Gray v. Ryan et al

Filing 30

ORDER that Judge Duncan's 22 Report and Recommendations is accepted. Petitioner Zane William Gray's Amended Petition for Writ of Habeas Corpus is DENIED and DISMISSED with prejudice. (Doc. 11). A certificate of appealability is DENIED and leave to proceed in forma pauperis on appeal is DENIED because dismissal of the Petition is justified by a plain procedural bar and jurists of reason would not find the ruling debatable. Signed by Judge G Murray Snow on 08/09/10. (ESL)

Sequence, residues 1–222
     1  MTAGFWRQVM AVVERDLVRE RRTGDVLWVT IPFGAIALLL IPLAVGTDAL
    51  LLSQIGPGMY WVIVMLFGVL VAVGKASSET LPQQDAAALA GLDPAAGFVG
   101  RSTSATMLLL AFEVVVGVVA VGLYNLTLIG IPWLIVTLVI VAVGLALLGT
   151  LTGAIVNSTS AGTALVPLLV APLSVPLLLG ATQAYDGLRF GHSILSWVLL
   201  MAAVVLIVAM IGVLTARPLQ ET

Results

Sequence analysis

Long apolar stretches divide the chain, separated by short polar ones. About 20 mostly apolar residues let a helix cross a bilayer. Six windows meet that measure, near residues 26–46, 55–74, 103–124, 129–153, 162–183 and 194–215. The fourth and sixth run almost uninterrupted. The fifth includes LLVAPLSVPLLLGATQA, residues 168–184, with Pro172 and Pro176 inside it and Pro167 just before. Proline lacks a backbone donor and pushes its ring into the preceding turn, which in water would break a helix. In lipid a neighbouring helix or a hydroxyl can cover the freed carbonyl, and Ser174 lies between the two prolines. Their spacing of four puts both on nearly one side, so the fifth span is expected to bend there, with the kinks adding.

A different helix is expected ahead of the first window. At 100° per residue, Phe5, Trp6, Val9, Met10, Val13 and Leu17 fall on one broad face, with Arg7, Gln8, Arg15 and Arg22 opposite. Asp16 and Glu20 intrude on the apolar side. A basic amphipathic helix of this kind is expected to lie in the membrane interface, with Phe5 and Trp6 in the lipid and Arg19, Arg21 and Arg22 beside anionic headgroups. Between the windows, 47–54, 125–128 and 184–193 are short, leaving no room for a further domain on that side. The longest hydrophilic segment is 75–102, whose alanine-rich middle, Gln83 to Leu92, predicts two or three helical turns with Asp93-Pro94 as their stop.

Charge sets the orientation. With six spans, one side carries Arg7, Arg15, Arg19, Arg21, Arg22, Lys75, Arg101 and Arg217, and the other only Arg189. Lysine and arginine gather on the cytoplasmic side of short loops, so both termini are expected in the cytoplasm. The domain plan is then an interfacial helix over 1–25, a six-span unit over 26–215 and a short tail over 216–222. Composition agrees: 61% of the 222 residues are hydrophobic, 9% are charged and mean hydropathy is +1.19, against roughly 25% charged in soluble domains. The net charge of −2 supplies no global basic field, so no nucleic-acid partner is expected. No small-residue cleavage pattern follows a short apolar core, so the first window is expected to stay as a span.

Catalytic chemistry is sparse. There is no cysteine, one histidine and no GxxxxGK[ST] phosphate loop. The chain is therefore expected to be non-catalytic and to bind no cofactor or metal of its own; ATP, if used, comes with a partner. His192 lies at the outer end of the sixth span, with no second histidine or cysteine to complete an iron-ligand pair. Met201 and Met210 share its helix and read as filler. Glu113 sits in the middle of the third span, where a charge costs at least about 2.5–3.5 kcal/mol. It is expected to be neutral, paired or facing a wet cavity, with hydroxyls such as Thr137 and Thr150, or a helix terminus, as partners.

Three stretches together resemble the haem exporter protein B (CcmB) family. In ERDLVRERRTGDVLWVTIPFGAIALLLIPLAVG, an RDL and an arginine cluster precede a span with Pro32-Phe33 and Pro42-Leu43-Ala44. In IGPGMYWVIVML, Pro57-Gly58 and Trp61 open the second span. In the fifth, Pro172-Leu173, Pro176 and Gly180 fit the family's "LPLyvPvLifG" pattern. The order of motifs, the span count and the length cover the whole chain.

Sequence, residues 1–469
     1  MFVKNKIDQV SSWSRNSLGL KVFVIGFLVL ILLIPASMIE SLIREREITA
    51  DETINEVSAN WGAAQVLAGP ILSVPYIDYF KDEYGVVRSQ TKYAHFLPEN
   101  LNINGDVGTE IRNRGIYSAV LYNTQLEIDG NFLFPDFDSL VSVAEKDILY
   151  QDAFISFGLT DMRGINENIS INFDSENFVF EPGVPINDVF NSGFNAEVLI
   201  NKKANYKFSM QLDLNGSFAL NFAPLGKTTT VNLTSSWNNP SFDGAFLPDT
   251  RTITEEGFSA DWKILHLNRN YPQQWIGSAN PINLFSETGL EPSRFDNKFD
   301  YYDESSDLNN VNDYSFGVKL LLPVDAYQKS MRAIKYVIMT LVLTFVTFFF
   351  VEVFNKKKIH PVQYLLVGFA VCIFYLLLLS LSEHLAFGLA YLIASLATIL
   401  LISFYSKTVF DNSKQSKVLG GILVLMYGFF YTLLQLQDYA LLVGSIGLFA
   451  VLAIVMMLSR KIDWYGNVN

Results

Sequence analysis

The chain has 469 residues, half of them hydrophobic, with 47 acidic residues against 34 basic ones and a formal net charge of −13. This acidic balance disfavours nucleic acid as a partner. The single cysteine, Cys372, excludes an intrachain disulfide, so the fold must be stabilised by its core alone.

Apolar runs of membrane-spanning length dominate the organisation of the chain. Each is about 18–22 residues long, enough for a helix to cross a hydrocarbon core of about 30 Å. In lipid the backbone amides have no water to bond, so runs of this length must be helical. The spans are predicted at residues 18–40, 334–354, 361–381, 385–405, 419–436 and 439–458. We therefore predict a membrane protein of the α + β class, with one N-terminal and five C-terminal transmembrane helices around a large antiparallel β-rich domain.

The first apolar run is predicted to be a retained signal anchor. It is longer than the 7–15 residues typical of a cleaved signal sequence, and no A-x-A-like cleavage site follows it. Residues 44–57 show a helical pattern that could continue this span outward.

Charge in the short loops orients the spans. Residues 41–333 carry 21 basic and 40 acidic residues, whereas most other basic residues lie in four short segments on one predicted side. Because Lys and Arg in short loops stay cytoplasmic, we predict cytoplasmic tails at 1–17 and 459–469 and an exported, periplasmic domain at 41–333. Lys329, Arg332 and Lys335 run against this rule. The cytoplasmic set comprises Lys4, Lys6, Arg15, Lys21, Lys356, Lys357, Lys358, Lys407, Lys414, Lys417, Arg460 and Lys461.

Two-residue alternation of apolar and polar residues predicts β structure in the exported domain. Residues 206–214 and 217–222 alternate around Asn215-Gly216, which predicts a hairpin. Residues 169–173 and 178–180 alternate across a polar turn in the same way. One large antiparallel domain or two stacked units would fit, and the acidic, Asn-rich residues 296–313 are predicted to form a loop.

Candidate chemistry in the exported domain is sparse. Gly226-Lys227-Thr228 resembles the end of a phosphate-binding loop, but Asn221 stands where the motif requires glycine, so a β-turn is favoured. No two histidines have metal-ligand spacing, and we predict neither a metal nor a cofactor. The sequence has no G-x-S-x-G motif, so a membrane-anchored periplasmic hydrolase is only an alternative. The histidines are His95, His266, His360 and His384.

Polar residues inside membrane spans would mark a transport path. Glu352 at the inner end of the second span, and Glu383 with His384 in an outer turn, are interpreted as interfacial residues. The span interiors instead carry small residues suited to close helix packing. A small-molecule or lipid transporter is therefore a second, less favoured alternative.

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Gray v. Ryan et al Doc. 30 1 2 3 4 5 6 7 8 9 10 11 12 13 14 15 16 17 18 19 20 21 22 23 24 25 26 27 28 WO NOT FOR PUBLICATION IN THE UNITED STATES DISTRICT COURT FOR THE DISTRICT OF ARIZONA Zane William Gray, Petitioner, vs. Charles Ryan, et al., Respondents. ) ) ) ) ) ) ) ) ) ) ) ) No. CV-09-334-PHX-GMS ORDER Pending before the Court is the Petition for Writ of Habeas Corpus, filed by Petitioner Zane William Gray. (Doc. 11). On March 12, 2010, Magistrate Judge David K. Duncan issued a Report and Recommendation ("R & R") in which he recommended that the Court deny the Petition with prejudice due to Mr. Gray's failure to comply with 28 U.S.C. 2244(d)(1)(A)'s one year statute of limitations. (Doc. 22). Mr. Gray timely filed Objections to the R & R on April 15, 2010 (Doc. 26); nevertheless, because those objections are without merit, the Court accepts the R & R as set forth in this Order. BACKGROUND In January 2006, Mr. Gray was convicted of aggravated assault in Arizona State Court and sentenced to 12.5 years imprisonment for threatening his mother with a meat cleaver. Following an unsuccessful appeal in state Court, Petitioner filed a Petition for a Writ of Habeas Corpus on February 12, 2009. The petition, however, was dismissed with leave to Dockets.Justia.com 1 2 3 4 5 6 7 8 9 10 11 12 13 14 15 16 17 18 19 20 21 22 23 24 25 26 27 28 amend because Mr. Gray failed to identify any basis for habeas relief. (See Dkt. # 10.) As the Court stated in its June 17, 2009 Order: "Petitioner seeks a reduction of his sentence because `12.5 years is a long time.' Petitioner does not allege a constitutional violation but states, `forgive me for not going th[rough] a[n] Amendment. I gave up on everything but by the "Grace of God" I am saved th[rough] Jesus Christ.'" Petitioner makes no allegations relevant to his conviction or sentence." (Dkt. # 10 at 2.) On July 3, 2009, Petitioner filed an amended petition, alleging that his Sixth Amended right to a speedy trial was violated. (Dkt. # 11.) In the R & R, Judge Duncan recommends that the petition be dismissed with prejudice because the claim raised in the amended petition is barred by the applicable statute of limitations. (Dkt. # 22.) LEGAL STANDARD Federal district courts "`may accept, reject, or modify, in whole or in part, the findings or recommendations made by the magistrate [judge].'" Carrillo-Lozano v. Stolc, 669 F. Supp.2d 1074, 1076 (D. Ariz. 2009) (quoting 28 U.S.C. 636(b)(1)); see United States v. Reyna-Tapia, 328 F.3d 1114, 1121 (9th Cir. 2003). While a district judge "must review the magistrate judge's findings and recommendations de novo if objection is made," Schmidt v. Johnstone, 263 F. Supp.2d 1219, 1225 (D. Ariz. 2003)), no such review is necessary when the parties do not raise specific objections. Thomas v. Arn, 474 U.S. 140, 149 (1985) (holding that district courts are not required to conduct "any review at all . . . of any issue that is not the subject of an objection"); see 28 U.S.C. 636(b)(1) ("[T]he court shall make a de novo determination of those portions of the [R & R] to which objection is made."); CarrilloLozano, 669 F. Supp.2d at 1076 (same). DISCUSSION The claims alleged in Mr. Gray's amended habeas petition are barred under the oneyear statute of limitations set forth in the Antiterrorism and Effective Death Penalty Act of 1996 ("AEDPA"). See 28 U.S.C. 2244(d)(1)(A). As Judge Duncan stated in the R & R, A new claim raised in an amended habeas petition filed after the expiration of the limitations period, relates back to the original petition, thereby avoiding a limitations bar, if it arises "out of the same core of operative facts as a claim contained in the -2- 1 2 3 4 5 6 7 8 9 10 11 12 13 14 15 16 17 18 19 20 21 22 23 24 25 26 27 28 original petition." Hebner v. McGrath, 543 F.3d 1133, 1134 (9th Cir. 2008) (citing Mayle v. Felix, 545 U.S. 644 (2005)). "It is not enough that the new argument pertains to the same trial, conviction, or sentence." Id. (Dkt. # 22 at 5.) Mr. Gray's original petition was timely; however, it was dismissed due to his failure to allege any facts or legal arguments that would entitle him to relief. To the extent the second petition does contain a viable habeas claim, it was untimely under AEDPA unless it relates back to the original petition. Because Mr. Gray concedes that he raised no claims in his first petition, there is no claim to which his amended petition could possibly relate back. Hebner v. McGrath, 543 F.3d 1133, 1134 (9th Cir. 2008) (to relate back, and to thereby avoid a limitations bar, the amended petition must arise "out of the same core operative facts as a claim contained in the original petition"). In his Written Objections, Mr. Gray does not direct any argument toward the R & R. Instead, he asserts that Judge Duncan should have treated his amended petition as a "second or successive" petition pursuant to 28 U.S.C. 2244 (b)(2). Upon review of Mr. Gray's filings, however, the Court concludes that Judge Duncan properly treated Mr. Gray's filing as an amended petition. 28 U.S.C. 2244(b)(2) provides, A claim presented in a second or successive habeas corpus application under section 2254 that was not presented in a prior application shall be dismissed unless-(A) the applicant shows that the claim relies on a new rule of constitutional law, made retroactive to cases on collateral review by the Supreme Court, that was previously unavailable; or (B)(i) the factual predicate for the claim could not have been discovered previously through the exercise of due diligence; and (ii) the facts underlying the claim, if proven and viewed in light of the evidence as a whole, would be sufficient to establish by clear and convincing evidence that, but for constitutional error, no reasonable factfinder would have found the applicant guilty of the underlying offense. Based on these parameters, Mr. Gray's amended habeas petition clearly did not satisfy the requirements to be treated as a successive petition. See id. Moreover, even if Mr. Gray's amended petition could somehow be construed as a properly filed second or successive -3- 1 2 3 4 5 6 7 8 9 10 11 12 13 14 15 16 17 18 19 20 21 22 23 24 25 26 27 28 petition, he was required to obtain an order from the Ninth Circuit before filing the second petition. See 28 U.S.C. 2244(b)(3)(A); Felker v. Turpin, 518 U.S. 651, 657 (1996). Mr. Gray fails to bring forth anything suggesting that he obtained permission from the Ninth Circuit to pursue a second habeas petition. Accordingly, his Objections are without merit. IT IS THEREFORE ORDERED (1 (2) Judge Duncan's R & R is ACCEPTED. (See Doc. 22). Petitioner Zane William Gray's Amended Petition for Writ of Habeas Corpus is DENIED and DISMISSED with prejudice. (See Doc. 11). (3) A certificate of appealability is DENIED and leave to proceed in forma pauperis on appeal is DENIED because dismissal of the Petition is justified by a plain procedural bar and jurists of reason would not find the ruling debatable. DATED this 9th day of August, 2010. -4-